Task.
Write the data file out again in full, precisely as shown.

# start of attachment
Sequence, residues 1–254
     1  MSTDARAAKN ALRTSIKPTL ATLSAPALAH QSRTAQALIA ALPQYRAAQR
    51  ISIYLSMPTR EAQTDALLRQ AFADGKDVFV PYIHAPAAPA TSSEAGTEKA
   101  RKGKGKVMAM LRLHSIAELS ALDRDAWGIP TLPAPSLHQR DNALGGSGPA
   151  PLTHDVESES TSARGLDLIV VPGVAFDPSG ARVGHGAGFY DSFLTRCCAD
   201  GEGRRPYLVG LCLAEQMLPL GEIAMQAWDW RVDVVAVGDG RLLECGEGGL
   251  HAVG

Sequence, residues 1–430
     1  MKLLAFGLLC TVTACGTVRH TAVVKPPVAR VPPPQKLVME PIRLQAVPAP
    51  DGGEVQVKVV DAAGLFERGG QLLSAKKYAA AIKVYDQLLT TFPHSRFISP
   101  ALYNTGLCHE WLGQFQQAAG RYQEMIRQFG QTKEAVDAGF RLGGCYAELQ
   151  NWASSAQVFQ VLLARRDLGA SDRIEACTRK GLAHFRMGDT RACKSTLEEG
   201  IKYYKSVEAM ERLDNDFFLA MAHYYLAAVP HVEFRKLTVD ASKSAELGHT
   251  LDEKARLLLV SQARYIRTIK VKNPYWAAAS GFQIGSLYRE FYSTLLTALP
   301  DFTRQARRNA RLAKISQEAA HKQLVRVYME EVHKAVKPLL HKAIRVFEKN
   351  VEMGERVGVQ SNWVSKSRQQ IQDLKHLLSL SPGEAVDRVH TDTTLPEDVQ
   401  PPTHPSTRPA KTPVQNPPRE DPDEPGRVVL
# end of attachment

Sequence, residues 1–254
     1  MSTDARAAKN ALRTSIKPTL ATLSAPALAH QSRTAQALIA ALPQYRAAQR
    51  ISIYLSMPTR EAQTDALLRQ AFADGKDVFV PYIHAPAAPA TSSEAGTEKA
   101  RKGKGKVMAM LRLHSIAELS ALDRDAWGIP TLPAPSLHQR DNALGGSGPA
   151  PLTHDVESES TSARGLDLIV VPGVAFDPSG ARVGHGAGFY DSFLTRCCAD
   201  GEGRRPYLVG LCLAEQMLPL GEIAMQAWDW RVDVVAVGDG RLLECGEGGL
   251  HAVG

Sequence, residues 1–430
     1  MKLLAFGLLC TVTACGTVRH TAVVKPPVAR VPPPQKLVME PIRLQAVPAP
    51  DGGEVQVKVV DAAGLFERGG QLLSAKKYAA AIKVYDQLLT TFPHSRFISP
   101  ALYNTGLCHE WLGQFQQAAG RYQEMIRQFG QTKEAVDAGF RLGGCYAELQ
   151  NWASSAQVFQ VLLARRDLGA SDRIEACTRK GLAHFRMGDT RACKSTLEEG
   201  IKYYKSVEAM ERLDNDFFLA MAHYYLAAVP HVEFRKLTVD ASKSAELGHT
   251  LDEKARLLLV SQARYIRTIK VKNPYWAAAS GFQIGSLYRE FYSTLLTALP
   301  DFTRQARRNA RLAKISQEAA HKQLVRVYME EVHKAVKPLL HKAIRVFEKN
   351  VEMGERVGVQ SNWVSKSRQQ IQDLKHLLSL SPGEAVDRVH TDTTLPEDVQ
   401  PPTHPSTRPA KTPVQNPPRE DPDEPGRVVL